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19 Forest Sale

Name
Forest Sale
Position
Center-Forward
Class
Senior
Hometown (Last School)
Lawrenceburg, KY [Kavanaugh School]
Ht
6'4"
Seasons
1930-31, 1931-32, 1932-33
Birthday
June 25, 1911

Forest Sale was born Forest Elmer Sale on June 25, 1911, in Lawrenceburg, Kentucky, to Foster E. and Mary Sale.

Fellow players and friends called him “Aggie” because he was in the UK College of Agriculture as a freshman student. “Aggie” was a two-time All-American for the University of Kentucky and the first Wildcat to be voted college Player of the Year,

In the 1930-31 season, Adolph Rupp’s first as head coach at UK, Sale, a sophomore who played second-string center. In his next two years, Sale moved up to the first team, playing mostly at forward. As a senior, he broke the Southeastern Conference Tournament scoring record. Sale was named an All-American in the 1931-32 and 1932-33 seasons. He received the Helms Athletic Foundation’s Player of the Year Award in 1933, the same year the foundation named the Wildcats the collegiate champions of the year. Sale was enshrined in Kentucky’s Sports Hall of Fame in 1957, and in 1963 he was named to the National Basketball Hall of Fame, sponsored by the Helms Athletic Foundation.

Rupp always considered Aggie Sale to be among the finest players he ever coached. He scored the first two points for Rupp at , and was the team’s leading scorer with 19 points in the first of Rupp’s 876 career victories. He was a very quick and agile inside player and averaged 5.6 points as a sophomore despite being hampered by an injury. He developed into an outstanding player in his final two seasons, teaming with Frenchy DeMoisey to give the Cats a potent inside scoring tandem. Sale averaged a team-high 13.6 points during his junior season. He scored 21 against Tulane and 20 against Washington & Lee. Sale shook off a swarm of defenders to score 20 points in the Cats 43-42 loss to . He was named Captain of the 1932-33 team and improved his scoring average to 13.8 in his final season. Sale saved his best for last, scoring 71 points in four games to help the Cats win the inaugural Tournament. He had back-to-back 20-point showings against  and  in that tourney. 

“Whenever he (Rupp) mentioned his best players, Aggie Sale was the first player he mentioned,” UK sports information director Russell Rice said. “In his day and time, Aggie Sale was a giant.”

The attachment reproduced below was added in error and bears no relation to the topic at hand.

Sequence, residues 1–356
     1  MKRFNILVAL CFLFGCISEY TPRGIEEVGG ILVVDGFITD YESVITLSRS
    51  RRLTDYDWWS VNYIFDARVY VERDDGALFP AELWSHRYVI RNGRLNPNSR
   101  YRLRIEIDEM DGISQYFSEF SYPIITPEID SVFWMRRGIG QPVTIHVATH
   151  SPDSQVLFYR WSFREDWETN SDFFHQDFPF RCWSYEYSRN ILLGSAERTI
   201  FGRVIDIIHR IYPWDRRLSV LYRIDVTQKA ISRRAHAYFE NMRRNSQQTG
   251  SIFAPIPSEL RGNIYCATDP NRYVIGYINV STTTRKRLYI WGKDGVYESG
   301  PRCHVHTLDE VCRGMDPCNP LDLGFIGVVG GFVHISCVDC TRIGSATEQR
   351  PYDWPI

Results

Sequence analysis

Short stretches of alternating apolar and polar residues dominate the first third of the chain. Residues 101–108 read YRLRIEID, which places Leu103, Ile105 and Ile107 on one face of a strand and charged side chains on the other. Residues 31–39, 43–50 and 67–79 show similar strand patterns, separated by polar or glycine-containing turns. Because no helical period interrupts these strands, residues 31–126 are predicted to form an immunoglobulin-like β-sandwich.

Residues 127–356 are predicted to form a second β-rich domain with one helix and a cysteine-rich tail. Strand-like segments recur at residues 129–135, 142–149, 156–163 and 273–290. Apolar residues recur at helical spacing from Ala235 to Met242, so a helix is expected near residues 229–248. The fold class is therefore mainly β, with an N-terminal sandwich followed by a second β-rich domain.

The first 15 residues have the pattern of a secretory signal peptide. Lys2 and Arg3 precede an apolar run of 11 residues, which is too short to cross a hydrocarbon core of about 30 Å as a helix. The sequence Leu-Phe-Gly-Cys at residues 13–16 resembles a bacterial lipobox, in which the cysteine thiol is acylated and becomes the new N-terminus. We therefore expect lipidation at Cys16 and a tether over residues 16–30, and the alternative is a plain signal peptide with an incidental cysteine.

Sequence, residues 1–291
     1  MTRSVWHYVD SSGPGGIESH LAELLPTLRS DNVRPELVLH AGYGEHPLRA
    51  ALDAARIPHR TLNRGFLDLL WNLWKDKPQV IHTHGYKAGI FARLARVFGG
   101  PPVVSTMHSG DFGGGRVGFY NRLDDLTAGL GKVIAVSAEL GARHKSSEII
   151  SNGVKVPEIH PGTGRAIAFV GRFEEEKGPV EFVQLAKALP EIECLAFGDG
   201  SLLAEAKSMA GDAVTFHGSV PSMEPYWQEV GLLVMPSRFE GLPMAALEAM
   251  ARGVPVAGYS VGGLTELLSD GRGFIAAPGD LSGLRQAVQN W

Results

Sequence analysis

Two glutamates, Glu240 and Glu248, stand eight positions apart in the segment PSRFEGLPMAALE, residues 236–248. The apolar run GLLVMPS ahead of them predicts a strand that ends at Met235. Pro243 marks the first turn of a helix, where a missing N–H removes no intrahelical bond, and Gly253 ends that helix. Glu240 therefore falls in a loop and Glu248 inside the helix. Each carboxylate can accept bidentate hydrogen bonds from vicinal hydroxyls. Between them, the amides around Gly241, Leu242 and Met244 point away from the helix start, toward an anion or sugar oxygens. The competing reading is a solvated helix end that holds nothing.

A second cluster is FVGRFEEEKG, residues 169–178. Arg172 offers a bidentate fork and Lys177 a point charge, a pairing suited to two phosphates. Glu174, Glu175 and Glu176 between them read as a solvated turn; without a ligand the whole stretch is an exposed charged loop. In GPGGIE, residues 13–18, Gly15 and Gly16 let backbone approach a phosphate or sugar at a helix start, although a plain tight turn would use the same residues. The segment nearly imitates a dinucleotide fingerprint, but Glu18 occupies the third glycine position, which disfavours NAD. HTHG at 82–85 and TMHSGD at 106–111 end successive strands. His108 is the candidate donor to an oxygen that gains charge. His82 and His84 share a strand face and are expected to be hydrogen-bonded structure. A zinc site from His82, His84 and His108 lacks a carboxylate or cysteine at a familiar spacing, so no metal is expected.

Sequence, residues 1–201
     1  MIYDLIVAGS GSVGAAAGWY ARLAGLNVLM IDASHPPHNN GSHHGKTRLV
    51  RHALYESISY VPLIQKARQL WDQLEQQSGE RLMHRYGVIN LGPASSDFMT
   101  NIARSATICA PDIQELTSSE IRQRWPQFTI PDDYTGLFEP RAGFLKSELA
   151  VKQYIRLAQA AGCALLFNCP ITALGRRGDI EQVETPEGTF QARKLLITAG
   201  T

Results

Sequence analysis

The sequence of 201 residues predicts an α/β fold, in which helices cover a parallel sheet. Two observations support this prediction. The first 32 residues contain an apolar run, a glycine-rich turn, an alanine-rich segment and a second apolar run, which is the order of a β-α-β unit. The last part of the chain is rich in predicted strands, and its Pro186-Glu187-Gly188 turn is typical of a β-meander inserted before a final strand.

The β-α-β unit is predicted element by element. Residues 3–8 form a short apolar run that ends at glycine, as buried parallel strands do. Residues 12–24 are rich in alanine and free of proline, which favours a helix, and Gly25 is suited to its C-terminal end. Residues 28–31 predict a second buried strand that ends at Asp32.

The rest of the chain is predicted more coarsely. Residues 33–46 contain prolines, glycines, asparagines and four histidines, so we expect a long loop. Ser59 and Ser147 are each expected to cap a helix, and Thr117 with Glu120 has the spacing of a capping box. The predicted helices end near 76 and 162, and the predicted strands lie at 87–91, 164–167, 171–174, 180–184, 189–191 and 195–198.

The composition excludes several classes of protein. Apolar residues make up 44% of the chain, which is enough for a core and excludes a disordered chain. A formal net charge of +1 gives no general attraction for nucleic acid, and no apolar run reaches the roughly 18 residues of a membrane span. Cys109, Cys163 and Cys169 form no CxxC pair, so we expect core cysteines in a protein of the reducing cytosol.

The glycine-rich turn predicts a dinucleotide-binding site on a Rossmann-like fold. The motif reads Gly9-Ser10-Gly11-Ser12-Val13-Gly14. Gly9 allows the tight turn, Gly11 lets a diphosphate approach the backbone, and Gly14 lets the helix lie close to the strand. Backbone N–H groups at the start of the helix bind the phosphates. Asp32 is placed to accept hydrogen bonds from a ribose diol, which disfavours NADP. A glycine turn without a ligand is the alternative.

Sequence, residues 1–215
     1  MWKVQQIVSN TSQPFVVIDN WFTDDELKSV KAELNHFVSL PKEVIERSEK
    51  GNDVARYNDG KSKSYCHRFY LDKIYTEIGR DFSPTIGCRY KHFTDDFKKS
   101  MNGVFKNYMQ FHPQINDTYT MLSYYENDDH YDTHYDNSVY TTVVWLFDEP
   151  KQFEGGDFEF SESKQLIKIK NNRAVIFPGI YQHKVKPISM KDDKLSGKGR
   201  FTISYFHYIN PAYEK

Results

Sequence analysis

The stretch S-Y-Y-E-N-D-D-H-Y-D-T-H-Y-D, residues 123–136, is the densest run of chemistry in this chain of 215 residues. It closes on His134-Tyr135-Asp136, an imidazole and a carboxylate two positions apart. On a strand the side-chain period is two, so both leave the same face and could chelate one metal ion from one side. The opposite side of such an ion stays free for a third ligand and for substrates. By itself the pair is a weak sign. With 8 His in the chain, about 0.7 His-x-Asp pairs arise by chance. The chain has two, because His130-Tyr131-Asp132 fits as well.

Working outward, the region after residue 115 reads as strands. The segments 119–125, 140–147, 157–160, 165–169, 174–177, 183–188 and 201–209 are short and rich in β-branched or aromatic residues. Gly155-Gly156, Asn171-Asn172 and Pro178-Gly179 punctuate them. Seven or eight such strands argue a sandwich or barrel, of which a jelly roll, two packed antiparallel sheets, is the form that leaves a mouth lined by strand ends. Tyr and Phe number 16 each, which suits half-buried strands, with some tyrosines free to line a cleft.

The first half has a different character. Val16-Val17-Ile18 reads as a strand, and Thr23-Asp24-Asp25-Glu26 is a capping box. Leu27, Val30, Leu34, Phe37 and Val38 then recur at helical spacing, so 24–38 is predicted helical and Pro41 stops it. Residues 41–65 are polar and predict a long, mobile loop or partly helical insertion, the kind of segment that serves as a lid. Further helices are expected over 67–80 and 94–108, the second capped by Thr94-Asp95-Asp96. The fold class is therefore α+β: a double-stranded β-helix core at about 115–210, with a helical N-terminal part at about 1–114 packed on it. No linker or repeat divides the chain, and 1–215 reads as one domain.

Sale once said of Rupp, “When Rupp came to UK (in 1930) I thought he was the most intelligent person I’d ever met.  He was witty and he always had the right answer at the right time.”

Sale, a native of Anderson County, returned to his home county to teach and coach basketball at Kavanaugh High School after he graduated from UK. He coached at Kavanaugh from 1933 to 1937, and he went to Harrodsburg High School as a history teacher and basketball coach in 1937. Sale entered the Navy during World War II and achieved the rank of chief specialist. He returned to Harrodsburg after his military stint and resumed his teaching and basketball career at Harrodsburg High. He remained basketball coach there until 1960 and retired as a teacher in 1964. After he quit coaching, Sale opened the Sale Sporting Goods Store in Harrodsburg, which he ran until about 1967. The store still bears his name. He also managed the family farm in Anderson County. In 1971, Sale, a Democrat, was elected to the  General Assembly from the 55th District. He was re-elected to the post four times. Sale served on several legislative committees, and education was one of his primary legislative interests. In 1983, the Harrodsburg Rotary Club named Sale the Mercer County Citizen of the Year. He was a Mason, a Shriner, and a longtime member of the Harrodsburg Lions Club. Sale also taught Sunday school at Harrodsburg Christian Church.

Sale died of a heart attack on December 4, 1985 at his home in Lexington.

College Statistics:

Season G FG FT FTA % F PTS
1930-31 9 29 4 4 100 13 62
1931-32 17 100 35 55 63.64 24 235
1932-33 24 136 58 107 54.21 37 330
Total 50 265 97 166 58.43 74 627

 

 

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